Future Diary, Vol. 1

It’s hard to deny that there’s been a bit of a Twitter boom. Bloggers, celebrities, parents, kids–even fictional characters have and maintain Twitter accounts. It’s such a simple concept: in 140 characters or less you can tell your followers what you’re doing at any given moment. These status updates are called “Tweets,” and they allow your followers to peek through the keyhole of the door to your life. It’s usually meaningless blurbs like, “work is boring” and “some jerk cut me off,” but imagine what would happen if you could read your Tweets before you made them. This is essentially the plot of Sakae Esuno’s manga, Future Diary.

Yukiteru Amano is a social outcast. He spends all of his time updating his cellphone diary. The only friend he has exists in his head. It’s important that you pay very close attention to this next part. His imaginary friend’s name is Deus Ex Machina and he’s the King of Time and Space! When Deus is introduced, Yuki asks him what he’s up to. He responds, “I’m adjusting the law of cause and effect right now.” By the way, this is only the first ten pages. It gets much, much better dumber better.

Deus said that he was messing with cause and effect, and he wasn’t kidding. When Yuki checks his diary the next day, he notices that it’s already been written for the day. This allows him to see into the future, but only kind of. Most people don’t tweet about every detail of every day (at least, I hope not); likewise, Yuki only updates his diary a few times each hour. The future entries are also written in character, so if it’s not something that Yuki would’ve written about, then it’s not going to appear in the future diary. But wait, there’s more.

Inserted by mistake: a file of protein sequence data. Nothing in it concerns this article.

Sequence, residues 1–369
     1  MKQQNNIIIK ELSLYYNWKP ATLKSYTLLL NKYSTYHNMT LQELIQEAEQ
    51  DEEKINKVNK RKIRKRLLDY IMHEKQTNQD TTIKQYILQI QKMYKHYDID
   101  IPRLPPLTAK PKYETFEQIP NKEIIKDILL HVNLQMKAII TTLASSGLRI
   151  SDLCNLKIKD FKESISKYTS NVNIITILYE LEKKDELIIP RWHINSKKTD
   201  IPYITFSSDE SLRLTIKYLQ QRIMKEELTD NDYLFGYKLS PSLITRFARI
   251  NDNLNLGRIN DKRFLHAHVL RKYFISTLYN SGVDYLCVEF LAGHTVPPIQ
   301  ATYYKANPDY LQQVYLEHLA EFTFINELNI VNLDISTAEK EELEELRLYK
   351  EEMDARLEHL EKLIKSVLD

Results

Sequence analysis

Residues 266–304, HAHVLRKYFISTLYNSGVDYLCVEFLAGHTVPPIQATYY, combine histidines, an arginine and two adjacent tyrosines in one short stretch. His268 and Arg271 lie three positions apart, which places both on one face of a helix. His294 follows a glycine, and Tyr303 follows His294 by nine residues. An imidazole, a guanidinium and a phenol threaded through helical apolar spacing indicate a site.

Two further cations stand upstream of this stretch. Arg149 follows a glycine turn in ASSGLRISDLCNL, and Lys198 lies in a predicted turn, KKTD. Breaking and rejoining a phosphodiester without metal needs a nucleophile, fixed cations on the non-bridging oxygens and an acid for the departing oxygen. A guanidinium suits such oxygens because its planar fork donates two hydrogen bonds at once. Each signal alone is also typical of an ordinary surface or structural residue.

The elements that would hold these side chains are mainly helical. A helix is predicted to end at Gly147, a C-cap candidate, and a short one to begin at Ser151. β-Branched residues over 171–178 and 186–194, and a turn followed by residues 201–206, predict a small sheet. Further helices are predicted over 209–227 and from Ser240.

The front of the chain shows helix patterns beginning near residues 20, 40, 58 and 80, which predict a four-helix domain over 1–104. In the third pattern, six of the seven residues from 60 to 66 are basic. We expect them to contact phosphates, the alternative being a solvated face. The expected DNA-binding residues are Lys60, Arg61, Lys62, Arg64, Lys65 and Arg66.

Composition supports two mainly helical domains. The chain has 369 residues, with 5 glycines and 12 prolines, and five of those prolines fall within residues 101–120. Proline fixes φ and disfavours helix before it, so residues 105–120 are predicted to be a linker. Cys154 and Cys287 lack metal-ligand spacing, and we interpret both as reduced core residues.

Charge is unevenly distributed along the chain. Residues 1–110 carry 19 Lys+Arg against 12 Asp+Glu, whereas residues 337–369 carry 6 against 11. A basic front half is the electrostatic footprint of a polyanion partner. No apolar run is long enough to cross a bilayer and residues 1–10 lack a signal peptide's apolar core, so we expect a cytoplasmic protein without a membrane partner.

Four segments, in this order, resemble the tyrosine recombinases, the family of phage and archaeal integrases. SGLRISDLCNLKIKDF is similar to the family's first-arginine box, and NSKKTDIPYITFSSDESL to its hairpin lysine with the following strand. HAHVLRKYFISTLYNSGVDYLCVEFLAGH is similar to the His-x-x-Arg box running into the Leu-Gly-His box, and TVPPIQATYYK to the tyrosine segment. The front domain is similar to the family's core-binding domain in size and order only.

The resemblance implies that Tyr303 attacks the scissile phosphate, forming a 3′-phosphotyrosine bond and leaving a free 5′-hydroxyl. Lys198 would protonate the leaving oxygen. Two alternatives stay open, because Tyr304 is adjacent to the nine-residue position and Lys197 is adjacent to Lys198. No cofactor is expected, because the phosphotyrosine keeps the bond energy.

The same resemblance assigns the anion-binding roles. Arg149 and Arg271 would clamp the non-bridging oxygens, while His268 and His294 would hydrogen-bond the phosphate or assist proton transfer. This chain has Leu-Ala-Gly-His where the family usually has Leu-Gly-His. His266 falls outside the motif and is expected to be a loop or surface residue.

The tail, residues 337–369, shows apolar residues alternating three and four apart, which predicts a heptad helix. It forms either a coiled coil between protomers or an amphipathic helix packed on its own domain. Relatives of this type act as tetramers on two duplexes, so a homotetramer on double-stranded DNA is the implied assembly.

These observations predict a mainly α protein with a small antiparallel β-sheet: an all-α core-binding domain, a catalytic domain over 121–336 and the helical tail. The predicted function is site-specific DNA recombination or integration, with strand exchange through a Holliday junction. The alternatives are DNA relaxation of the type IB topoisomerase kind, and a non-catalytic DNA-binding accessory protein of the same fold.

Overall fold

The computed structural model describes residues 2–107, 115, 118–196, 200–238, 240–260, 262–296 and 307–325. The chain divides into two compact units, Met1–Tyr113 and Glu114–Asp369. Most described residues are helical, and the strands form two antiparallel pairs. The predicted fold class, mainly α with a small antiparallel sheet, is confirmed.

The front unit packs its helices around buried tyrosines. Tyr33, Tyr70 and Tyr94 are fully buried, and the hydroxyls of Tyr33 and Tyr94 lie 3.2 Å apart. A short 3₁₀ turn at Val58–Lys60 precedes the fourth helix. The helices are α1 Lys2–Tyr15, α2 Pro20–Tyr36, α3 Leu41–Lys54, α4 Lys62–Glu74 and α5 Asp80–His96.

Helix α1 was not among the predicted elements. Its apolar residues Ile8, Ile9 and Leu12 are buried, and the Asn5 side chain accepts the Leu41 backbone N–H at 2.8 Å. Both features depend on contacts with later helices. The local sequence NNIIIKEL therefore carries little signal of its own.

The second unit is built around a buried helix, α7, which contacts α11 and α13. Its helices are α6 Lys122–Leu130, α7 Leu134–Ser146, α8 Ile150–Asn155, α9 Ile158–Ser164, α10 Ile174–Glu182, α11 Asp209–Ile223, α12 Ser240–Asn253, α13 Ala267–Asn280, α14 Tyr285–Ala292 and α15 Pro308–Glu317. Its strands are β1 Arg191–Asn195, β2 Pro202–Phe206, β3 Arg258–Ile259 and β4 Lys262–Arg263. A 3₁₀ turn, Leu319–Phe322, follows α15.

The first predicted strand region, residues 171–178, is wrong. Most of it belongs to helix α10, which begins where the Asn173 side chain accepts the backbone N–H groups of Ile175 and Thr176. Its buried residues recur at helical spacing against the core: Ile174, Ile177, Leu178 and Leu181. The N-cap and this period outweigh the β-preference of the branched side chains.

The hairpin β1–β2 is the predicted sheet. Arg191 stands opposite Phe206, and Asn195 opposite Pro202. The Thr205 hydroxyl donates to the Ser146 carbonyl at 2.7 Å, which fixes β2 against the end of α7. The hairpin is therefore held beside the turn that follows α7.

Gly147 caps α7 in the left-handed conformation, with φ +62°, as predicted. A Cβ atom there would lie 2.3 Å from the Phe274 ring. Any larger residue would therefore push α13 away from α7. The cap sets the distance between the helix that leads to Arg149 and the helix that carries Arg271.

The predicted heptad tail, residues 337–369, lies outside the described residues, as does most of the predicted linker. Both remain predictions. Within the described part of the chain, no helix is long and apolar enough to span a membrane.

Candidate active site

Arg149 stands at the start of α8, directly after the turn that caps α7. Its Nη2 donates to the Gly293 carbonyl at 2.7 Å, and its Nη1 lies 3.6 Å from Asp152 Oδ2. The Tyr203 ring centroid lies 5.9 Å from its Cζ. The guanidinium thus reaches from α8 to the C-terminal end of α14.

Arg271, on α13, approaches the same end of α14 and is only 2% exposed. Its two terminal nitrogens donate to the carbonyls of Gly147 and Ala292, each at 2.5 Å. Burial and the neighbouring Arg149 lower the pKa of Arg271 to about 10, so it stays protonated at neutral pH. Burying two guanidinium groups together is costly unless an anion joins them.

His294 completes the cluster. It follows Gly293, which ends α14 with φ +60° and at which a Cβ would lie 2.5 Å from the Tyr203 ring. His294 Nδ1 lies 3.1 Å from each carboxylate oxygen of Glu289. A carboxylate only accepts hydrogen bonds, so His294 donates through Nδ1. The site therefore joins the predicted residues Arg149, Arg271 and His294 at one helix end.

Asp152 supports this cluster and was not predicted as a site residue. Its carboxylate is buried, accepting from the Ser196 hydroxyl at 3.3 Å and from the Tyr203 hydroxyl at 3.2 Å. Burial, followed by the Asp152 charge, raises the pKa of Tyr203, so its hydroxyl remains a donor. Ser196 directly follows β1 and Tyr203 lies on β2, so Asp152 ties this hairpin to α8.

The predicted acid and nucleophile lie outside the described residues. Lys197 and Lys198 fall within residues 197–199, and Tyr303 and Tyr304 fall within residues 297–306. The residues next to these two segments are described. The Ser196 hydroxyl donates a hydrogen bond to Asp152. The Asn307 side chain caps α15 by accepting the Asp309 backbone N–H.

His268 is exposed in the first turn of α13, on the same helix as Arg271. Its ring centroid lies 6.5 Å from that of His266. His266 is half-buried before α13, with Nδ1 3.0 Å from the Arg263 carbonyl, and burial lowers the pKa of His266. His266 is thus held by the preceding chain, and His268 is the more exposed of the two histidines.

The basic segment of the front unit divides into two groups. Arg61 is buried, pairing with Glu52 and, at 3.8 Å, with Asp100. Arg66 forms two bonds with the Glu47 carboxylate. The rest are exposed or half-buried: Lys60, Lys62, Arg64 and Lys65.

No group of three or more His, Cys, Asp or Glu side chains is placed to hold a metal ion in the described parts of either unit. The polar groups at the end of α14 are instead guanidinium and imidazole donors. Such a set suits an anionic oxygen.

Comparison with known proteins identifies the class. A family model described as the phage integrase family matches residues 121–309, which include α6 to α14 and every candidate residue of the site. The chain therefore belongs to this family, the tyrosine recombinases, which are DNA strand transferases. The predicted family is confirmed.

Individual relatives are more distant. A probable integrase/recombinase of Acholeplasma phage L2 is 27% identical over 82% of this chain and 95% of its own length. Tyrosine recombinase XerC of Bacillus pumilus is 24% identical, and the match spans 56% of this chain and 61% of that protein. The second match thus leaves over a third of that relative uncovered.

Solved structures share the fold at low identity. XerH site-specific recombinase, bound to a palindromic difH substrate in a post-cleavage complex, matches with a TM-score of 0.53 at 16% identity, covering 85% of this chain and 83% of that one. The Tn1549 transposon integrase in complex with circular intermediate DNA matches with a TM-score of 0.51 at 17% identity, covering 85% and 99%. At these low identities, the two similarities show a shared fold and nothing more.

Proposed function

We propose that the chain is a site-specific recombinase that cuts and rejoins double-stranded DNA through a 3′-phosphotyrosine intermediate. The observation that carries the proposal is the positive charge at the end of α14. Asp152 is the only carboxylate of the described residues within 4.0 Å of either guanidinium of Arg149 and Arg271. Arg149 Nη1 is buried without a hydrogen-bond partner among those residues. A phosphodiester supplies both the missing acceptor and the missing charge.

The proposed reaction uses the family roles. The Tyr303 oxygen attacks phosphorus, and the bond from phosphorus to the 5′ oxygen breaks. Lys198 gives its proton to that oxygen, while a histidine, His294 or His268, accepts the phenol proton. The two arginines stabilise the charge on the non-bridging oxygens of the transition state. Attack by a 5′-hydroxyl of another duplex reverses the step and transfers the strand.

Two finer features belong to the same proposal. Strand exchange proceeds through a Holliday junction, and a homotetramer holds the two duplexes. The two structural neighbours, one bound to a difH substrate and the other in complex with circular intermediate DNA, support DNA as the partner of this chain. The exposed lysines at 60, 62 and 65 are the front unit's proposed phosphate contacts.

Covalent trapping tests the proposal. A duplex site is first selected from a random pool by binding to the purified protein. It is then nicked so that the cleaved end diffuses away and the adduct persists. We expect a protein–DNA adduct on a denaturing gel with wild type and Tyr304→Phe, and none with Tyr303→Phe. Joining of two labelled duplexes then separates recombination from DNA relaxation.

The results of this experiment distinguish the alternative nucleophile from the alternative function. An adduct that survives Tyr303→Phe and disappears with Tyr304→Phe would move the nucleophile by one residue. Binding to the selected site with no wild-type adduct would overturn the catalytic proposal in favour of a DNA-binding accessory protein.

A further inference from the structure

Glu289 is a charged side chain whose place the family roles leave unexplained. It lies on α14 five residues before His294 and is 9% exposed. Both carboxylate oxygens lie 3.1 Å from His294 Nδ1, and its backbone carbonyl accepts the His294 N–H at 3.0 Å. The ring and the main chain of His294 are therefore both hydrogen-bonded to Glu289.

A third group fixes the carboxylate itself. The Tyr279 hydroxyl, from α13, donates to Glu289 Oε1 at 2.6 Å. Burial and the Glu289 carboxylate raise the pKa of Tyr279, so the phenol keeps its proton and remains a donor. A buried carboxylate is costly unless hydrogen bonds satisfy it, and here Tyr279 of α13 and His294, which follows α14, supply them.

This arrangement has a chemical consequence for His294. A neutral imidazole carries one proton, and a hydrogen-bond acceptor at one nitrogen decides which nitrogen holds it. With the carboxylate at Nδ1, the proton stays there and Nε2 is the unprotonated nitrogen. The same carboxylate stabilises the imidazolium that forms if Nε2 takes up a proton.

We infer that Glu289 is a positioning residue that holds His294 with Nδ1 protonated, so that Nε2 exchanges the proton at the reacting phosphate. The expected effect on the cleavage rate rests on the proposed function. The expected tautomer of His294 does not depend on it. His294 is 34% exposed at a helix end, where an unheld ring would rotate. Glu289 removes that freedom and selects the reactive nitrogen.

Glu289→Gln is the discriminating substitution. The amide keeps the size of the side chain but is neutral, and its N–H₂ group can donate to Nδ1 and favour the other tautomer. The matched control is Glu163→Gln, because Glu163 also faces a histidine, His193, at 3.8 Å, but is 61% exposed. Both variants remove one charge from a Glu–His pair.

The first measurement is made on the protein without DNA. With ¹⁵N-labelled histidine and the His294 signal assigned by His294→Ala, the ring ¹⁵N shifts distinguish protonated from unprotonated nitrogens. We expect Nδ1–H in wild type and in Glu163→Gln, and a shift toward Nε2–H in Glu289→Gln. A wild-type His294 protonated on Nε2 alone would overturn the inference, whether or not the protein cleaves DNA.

I know what you’re thinking, “This already sounds like the best manga ever made. What could possibly make it better?” Prepare to have your mind blown. There are 11 other people with future diaries and they’re going to fight to the death! That’s right, this is Kamen Rider Ryukki meets Twitter. Before you get too excited and Rider Kick Yuki in the face, it’s important that you know this rule: if your cellphone breaks, you die.

That is a terrifying thought. I’ve gone through two phones in six months without people trying to destroy them. It also makes me wonder if different models reflect the power of the user. Is someone with an iPhone going to massacre someone with $20 pay-as-you-go phone? The UI for reading the future diary is probably a lot better in the iPhone, so how is that even fair?–IT ISN’T! Maybe these are issues that are dealt with later on in the manga, but I seriously doubt it.